After checking the x-ray images, your vet may also conduct a biopsy to confirm the presence of the tumor. This will help them formulate a definitive diagnosis. Your vet may also request other diagnostic tests such as blood tests, chest x-rays, CT scans, and urinalysis as precautionary measures. These additional tests can verify if the cancer cells have spread to the other parts of the body.
How is Osteosarcoma in Dogs Treated?
The goal of the treatment process is to control the primary tumor and address its secondary spread if it happens. The best remedy for your dog should include a specialized plan that coincides with other cancer treatments that it’s been getting.
The plan requires a thorough discussion of all possible treatment options and their side effects. Your vet can direct you to a veterinary oncologist who specializes in these types of conditions. Before your appointment, inform yourself about the available osteosarcoma treatment options using our list below.
In most early cases of canine osteosarcoma, it’s best to cut the malignant tumors off from their source directly. This means amputating the affected limb. This procedure is almost always pursued as long as it’s safe and viable for the dog. Fortunately, most dogs can adjust well after the amputation process. However, it’s important to note that this option is not viable for dogs with severe arthritis or a concurrent neurological problem.
A series of chemotherapy sessions often follow a surgical procedure. This procedure kills the remaining cancerous cells to prevent them from spreading throughout the other body parts. Moreover, it helps reduce the side effects of bone tumors.
Keep in mind that in the case of osteosarcoma, chemotherapy is done in conjunction with amputation and not on its own.
If amputation isn’t viable, your vet may recommend metal implants instead. Its purpose is to restore your dog’s normal mobility in the soonest time possible.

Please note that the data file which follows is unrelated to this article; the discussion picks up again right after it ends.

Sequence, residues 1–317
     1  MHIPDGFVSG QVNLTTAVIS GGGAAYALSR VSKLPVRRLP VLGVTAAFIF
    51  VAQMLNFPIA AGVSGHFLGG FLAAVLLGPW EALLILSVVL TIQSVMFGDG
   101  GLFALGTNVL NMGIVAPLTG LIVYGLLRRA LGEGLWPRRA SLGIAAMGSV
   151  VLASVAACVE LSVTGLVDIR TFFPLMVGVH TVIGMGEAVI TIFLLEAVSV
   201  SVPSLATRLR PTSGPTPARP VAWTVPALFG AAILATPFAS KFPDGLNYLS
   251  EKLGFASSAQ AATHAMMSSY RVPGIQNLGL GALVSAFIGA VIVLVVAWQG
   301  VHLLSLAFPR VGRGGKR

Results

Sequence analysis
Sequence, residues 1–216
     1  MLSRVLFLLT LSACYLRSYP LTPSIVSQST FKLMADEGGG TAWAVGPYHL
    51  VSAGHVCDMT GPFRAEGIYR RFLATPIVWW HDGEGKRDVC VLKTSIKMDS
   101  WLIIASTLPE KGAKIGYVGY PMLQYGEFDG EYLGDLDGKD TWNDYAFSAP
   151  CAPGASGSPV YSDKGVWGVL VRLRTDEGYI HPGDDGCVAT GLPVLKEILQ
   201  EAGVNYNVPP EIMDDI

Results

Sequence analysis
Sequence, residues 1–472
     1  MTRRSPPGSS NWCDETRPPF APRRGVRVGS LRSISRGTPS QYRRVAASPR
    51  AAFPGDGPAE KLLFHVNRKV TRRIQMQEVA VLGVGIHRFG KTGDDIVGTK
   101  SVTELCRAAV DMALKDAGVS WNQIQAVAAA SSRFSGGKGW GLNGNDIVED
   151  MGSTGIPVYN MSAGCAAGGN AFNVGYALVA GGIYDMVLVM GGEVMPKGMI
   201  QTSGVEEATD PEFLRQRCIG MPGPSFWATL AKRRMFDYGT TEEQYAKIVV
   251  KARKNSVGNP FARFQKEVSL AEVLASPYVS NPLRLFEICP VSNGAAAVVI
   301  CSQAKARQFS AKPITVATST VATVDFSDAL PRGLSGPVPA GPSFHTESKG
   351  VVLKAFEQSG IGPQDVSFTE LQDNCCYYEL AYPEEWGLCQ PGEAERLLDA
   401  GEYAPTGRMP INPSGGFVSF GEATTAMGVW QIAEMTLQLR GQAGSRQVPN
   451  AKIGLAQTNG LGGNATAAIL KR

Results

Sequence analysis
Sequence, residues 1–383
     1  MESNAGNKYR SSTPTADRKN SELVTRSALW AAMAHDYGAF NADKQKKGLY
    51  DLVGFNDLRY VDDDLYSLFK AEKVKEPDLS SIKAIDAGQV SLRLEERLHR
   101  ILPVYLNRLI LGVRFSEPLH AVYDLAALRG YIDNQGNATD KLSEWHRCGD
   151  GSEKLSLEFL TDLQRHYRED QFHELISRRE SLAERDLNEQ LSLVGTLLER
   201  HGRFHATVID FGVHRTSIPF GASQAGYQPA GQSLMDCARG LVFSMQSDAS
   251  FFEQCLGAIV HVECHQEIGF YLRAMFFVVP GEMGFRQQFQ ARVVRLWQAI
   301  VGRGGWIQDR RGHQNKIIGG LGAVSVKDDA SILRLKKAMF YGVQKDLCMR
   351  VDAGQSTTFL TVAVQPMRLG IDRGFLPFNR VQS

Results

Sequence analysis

This treatment option will remove the tumor and replace the missing bone parts with a titanium implant. It’s often done on the distal radius, the lower front limb above the dog’s wrist joint. They will fuse the joint with the bone and metal formation to help your dog walk properly. After the procedure, proper maintenance is vital to avert the risk of tumor relapse and metal infections.
Radiation treatment is another effective alternative if surgery is no longer a viable option. While it doesn’t directly target the malignant cells, radiation therapy helps alleviate some of the pain your dog feels. In just two sessions, your dog can experience pain relief that can last for several months.
Management and Aftercare
Managing your dog’s bone cancer is vital in the entire treatment process. After a successful amputation, your vet will discuss a pain management plan to help your dog return to its normal functions. It may include restricted physical activity, inflammation and pain relief medication, and appropriate postoperative pain therapy.
It’s also important to monitor the condition of your dog consistently. Aside from regular check-ups, your vet may also require follow-up tests such as red and white blood cell counts and chest x-rays to ensure that there’s no remission of the malignant cells.
Help Your Canine Companion Cope with Bone Cancer
Canine osteosarcoma is an extremely painful condition with a poor prognosis if not treated immediately. Thus, it’s important to discuss all available options with your vet specialist comprehensively. By equipping yourself with knowledge about the condition, you can make the best choice for your furry friend.
Browse the TPLOinfo blog for more tips and advice about your dog’s health.